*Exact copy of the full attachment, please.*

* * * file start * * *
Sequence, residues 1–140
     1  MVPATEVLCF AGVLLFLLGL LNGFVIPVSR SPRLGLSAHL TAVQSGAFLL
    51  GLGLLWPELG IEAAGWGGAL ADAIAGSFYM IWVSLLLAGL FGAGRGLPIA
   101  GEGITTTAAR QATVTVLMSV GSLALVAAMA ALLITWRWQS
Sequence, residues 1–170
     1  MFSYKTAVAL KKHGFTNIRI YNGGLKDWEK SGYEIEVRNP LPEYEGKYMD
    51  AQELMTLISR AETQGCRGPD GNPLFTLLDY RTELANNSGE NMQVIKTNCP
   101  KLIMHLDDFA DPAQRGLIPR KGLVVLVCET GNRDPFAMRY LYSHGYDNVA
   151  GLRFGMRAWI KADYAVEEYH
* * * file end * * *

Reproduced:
Sequence, residues 1–140
     1  MVPATEVLCF AGVLLFLLGL LNGFVIPVSR SPRLGLSAHL TAVQSGAFLL
    51  GLGLLWPELG IEAAGWGGAL ADAIAGSFYM IWVSLLLAGL FGAGRGLPIA
   101  GEGITTTAAR QATVTVLMSV GSLALVAAMA ALLITWRWQS
Sequence, residues 1–170
     1  MFSYKTAVAL KKHGFTNIRI YNGGLKDWEK SGYEIEVRNP LPEYEGKYMD
    51  AQELMTLISR AETQGCRGPD GNPLFTLLDY RTELANNSGE NMQVIKTNCP
   101  KLIMHLDDFA DPAQRGLIPR KGLVVLVCET GNRDPFAMRY LYSHGYDNVA
   151  GLRFGMRAWI KADYAVEEYH